Bill Gates-funded Guardian development site goes live

Guardian News and Media today launched a new website focusing on global development in partnership with the Bill and Melinda Gates Foundation.

Last month the Guardian recruited an editor and community co-ordinator for the new site – which is joint funded by GNM and the Gates foundation.

In a press release today GNM said: ‘The site will provide a new space for discussion and interaction on the biggest challenges affecting the lives of billions of people across the developing world, including poverty, hunger, infant mortality, adaptation to climate change and economic development.”

One aim of the site is to ‘hold governments, institutions and NGOs accountable for the implementation of the United Nations millennium development goals”.

The site includes a ‘data store’section and ‘blogosphere’section comprising a feed from 20 of the leading bloggers in this subject area.

It also features writing from Guardian journalists such as Madeleine Bunting, Sarah Boseley and Larry Elliott on development issues.

GNM editor Alan Rusbridger said: ‘All too often the mainstream press ignores long-term development stories.

‘However, it is essential to have a place where some of the biggest questions facing humanity are analysed and debated, and through which we can monitor the effectiveness of the billions of pounds of aid that flows annually into the developing world.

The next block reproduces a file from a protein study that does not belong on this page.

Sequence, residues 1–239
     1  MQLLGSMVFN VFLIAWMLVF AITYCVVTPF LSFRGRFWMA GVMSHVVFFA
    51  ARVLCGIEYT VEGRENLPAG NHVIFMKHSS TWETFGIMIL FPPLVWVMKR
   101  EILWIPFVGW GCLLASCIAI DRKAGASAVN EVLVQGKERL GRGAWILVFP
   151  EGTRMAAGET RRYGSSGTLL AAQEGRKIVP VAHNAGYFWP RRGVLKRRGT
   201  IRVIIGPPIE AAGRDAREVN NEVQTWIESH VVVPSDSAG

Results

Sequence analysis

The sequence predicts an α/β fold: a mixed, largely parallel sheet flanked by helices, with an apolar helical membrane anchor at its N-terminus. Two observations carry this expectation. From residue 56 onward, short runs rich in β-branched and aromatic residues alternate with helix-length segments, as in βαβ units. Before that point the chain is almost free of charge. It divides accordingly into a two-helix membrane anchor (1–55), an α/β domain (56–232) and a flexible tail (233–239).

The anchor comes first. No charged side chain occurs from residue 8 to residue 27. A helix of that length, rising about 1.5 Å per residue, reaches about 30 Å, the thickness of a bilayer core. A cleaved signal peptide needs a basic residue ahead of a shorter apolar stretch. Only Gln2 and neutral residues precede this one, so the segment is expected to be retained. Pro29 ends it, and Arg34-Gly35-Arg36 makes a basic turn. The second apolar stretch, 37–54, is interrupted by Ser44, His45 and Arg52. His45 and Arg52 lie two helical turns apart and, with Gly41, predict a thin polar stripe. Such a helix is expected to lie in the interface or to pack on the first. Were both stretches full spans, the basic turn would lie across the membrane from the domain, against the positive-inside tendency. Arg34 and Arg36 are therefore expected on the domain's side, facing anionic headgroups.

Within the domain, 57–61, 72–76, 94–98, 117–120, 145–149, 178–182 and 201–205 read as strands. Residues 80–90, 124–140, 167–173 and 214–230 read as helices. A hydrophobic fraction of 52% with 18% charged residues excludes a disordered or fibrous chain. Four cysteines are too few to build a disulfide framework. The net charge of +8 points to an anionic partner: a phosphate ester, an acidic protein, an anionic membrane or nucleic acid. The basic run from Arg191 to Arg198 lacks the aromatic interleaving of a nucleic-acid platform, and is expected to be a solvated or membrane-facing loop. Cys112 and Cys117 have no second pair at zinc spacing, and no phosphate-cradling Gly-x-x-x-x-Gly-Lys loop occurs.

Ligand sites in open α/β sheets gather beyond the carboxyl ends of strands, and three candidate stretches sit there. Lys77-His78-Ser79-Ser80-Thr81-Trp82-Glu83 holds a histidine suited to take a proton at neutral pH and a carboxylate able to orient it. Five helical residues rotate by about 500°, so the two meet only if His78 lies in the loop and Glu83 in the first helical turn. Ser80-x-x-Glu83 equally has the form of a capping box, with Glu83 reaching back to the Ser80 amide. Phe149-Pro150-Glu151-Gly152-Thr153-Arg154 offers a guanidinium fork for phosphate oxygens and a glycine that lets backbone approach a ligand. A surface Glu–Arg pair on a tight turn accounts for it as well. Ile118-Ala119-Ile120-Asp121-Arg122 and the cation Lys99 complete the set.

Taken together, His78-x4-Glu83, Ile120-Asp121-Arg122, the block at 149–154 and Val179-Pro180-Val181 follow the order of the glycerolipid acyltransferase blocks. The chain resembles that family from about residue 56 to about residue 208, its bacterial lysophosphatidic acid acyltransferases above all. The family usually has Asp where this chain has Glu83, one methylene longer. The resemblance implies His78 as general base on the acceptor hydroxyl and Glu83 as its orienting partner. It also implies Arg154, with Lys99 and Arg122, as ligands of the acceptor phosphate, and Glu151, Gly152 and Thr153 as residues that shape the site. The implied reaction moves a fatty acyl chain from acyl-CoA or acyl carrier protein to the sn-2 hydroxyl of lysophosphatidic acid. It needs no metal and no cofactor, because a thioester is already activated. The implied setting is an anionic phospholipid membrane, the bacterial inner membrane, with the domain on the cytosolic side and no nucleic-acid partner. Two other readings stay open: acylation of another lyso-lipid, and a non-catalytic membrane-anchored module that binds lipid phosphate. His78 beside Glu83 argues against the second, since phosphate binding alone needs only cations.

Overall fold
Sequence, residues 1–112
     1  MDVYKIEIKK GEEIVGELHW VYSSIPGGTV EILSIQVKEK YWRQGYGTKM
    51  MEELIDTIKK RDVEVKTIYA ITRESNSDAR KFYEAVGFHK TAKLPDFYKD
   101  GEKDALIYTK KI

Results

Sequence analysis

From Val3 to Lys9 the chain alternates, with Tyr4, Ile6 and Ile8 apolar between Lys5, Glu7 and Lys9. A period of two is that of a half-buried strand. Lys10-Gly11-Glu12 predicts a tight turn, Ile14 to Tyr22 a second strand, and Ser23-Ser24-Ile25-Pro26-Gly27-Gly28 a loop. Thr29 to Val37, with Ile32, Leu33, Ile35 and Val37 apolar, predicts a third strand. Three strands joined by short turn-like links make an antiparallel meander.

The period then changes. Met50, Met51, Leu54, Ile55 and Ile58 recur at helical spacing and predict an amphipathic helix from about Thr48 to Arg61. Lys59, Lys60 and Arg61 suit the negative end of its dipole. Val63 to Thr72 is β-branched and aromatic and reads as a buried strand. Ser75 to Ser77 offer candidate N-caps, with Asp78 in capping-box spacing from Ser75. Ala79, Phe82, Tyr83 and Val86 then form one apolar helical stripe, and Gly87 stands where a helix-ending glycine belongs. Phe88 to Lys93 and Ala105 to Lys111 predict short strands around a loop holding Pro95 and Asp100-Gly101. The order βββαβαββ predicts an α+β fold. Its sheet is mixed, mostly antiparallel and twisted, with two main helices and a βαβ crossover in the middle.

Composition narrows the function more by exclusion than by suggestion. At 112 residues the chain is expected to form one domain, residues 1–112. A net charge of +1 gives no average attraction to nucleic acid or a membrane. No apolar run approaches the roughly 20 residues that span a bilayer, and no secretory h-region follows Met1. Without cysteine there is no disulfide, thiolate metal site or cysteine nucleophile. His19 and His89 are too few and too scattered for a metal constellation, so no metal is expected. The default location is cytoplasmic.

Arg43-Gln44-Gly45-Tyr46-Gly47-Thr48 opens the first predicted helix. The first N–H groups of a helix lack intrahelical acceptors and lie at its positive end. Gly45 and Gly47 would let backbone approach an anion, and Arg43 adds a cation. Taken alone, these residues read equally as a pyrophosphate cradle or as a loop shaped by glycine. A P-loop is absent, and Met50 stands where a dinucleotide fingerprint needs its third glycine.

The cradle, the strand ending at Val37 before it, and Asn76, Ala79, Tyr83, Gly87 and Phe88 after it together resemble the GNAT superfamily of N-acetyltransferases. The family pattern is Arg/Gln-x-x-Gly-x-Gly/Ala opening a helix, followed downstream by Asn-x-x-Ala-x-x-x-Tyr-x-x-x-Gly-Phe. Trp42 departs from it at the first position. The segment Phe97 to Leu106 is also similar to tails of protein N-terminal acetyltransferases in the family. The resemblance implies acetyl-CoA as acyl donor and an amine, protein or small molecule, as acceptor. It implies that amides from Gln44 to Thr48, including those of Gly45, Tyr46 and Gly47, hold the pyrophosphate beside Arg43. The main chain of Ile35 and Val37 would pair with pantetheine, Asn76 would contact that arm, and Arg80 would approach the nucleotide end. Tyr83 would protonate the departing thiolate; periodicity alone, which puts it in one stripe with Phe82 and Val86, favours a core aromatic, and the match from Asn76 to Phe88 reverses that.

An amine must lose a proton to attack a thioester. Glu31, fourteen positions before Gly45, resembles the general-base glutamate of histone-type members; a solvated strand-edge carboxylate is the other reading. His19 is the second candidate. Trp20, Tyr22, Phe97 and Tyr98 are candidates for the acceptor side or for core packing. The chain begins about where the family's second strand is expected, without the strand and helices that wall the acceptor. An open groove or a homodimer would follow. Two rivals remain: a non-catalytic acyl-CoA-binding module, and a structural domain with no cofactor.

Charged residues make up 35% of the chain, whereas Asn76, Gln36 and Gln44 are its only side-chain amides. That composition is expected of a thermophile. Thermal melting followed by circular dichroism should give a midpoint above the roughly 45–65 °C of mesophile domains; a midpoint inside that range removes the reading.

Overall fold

‘The creation of this website is a natural step for the Guardian, which has always been internationalist in its outlook and passionate about social justice.”

The new site has an advisory panel made up of 20 development experts from around the world – including Nobel prize winner Amartya Sen and American economist and Director of the Earth Institute at Columbia University, Jeff Sachs.

The Millennium Development Goals were adopted by all 192 United Nations member states in the year 2000 with a target date of 2015.
Guardian Development summarises them as the following:

  • Eradicate extreme poverty and hunger
  • Achieve universal primary education
  • Promote gender equality and empower women
  • Reduce child mortality
  • Improve maternal health
  • Combat HIV/AIDS, malaria and other diseases
  • Ensure environmental sustainability
  • Develop a Global Partnership for Development

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